The law’s critics will tell you they’re not “pro-illegal immigration” or “anti-American.” Many support secure borders along with pathways to legal citizenship for those who deserve it and policy reform based on free-market principles.

Yet any discussion of “common-sense, comprehensive” solutions on the federal or state level seems to have been relegated to the back burner while 1070 is front and center, said Arizona blogger Julie Erfle.

Its prominence in the news cycle has ebbed and flowed in the past year, she said, with the recall election of Sen. Russell Pearce, the law’s main sponsor, and a federal investigation into Maricopa County Sheriff Joe Arpaio, whose reputation for impromptu raids and rough handling of inmates made him the focus of a Department of Justice probe.

“It’s not just 1070 but the DOJ investigation of Arpaio, the recall election, all these things have really led to this divisive attitude and wall of distrust between the Latino community and law enforcement,” she said. “The actual law hasn’t changed much because it was enjoined but the effects of the law are more psychological. It has served to divide the community and stifle debate on other important issues.”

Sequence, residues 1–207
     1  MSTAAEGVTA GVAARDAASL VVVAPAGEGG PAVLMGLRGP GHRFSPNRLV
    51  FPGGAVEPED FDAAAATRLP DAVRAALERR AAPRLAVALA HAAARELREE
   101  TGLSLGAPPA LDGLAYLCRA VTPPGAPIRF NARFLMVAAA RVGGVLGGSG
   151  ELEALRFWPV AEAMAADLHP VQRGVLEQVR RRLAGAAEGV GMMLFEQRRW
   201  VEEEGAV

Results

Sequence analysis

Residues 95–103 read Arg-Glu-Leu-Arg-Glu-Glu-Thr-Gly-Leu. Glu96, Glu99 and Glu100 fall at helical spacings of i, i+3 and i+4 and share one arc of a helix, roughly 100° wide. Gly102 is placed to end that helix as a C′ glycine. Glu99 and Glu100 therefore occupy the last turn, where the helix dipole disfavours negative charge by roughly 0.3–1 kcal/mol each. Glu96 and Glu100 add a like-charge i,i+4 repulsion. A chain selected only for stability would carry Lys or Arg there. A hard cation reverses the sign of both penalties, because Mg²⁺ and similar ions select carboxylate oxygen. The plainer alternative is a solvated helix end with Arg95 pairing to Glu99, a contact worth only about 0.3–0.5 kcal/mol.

Cuts to education and chronic unemployment are some of the issues on the minds of most Arizonans, she said.

“Definitely, the people who are fighting against 1070 see it as stain on Arizona’s reputation. But by and large, the people in Arizona are tired of it dominating every discussion. They want to talk about other problems and solutions."

Erfle’s journey to Washington to hear arguments in the gallery Wednesday began with the shooting death of her husband, a Phoenix police officer and cancer survivor who was killed by an undocumented immigrant. Her search for information generated months of discussion with law enforcement, immigration attorneys and faith leaders and led her to believe that the roots of the problem required something more than an enforcement-only approach.

“Immigration reform is incredibly important to me and to be here for what’s definitely a history-making event was a difficult opportunity to pass over,” she said.